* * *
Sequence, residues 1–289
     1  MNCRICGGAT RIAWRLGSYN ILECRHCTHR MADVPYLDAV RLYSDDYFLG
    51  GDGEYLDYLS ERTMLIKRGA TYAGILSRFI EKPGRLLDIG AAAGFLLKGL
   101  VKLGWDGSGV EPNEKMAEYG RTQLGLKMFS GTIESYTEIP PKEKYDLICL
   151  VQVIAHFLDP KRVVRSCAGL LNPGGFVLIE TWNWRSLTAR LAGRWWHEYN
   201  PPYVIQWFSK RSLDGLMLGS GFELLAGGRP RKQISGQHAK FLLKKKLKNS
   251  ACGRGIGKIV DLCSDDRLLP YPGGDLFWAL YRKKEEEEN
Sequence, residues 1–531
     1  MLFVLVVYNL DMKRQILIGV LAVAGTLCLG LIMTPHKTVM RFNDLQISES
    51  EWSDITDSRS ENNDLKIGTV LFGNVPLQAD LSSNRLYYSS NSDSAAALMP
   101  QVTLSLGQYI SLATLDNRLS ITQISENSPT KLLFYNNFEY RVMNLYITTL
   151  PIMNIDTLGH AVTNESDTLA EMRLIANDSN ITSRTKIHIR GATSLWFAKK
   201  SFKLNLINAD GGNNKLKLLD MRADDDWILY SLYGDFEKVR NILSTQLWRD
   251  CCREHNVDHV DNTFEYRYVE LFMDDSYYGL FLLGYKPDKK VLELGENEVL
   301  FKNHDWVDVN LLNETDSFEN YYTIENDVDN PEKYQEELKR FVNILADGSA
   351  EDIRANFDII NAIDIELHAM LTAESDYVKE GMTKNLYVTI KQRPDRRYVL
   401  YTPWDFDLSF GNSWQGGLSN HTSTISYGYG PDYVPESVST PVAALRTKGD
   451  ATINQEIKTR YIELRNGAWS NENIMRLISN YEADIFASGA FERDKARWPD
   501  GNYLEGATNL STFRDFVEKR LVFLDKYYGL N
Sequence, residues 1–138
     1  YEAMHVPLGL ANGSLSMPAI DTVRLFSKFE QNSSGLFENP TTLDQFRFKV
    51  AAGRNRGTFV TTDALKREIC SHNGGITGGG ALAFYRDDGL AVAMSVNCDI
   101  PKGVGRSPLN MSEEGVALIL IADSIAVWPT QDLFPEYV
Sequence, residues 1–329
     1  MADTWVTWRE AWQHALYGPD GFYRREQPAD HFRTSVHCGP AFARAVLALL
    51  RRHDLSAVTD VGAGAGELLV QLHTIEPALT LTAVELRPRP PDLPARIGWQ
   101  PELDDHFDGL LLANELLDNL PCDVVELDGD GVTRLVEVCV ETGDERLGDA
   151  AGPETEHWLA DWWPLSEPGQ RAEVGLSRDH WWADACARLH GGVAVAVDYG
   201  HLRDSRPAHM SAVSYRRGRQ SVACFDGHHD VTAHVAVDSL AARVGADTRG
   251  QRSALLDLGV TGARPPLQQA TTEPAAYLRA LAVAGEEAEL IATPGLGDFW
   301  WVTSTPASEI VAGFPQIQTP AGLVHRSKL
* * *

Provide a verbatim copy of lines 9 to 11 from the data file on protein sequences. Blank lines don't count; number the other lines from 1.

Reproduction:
     1  MLFVLVVYNL DMKRQILIGV LAVAGTLCLG LIMTPHKTVM RFNDLQISES
    51  EWSDITDSRS ENNDLKIGTV LFGNVPLQAD LSSNRLYYSS NSDSAAALMP
   101  QVTLSLGQYI SLATLDNRLS ITQISENSPT KLLFYNNFEY RVMNLYITTL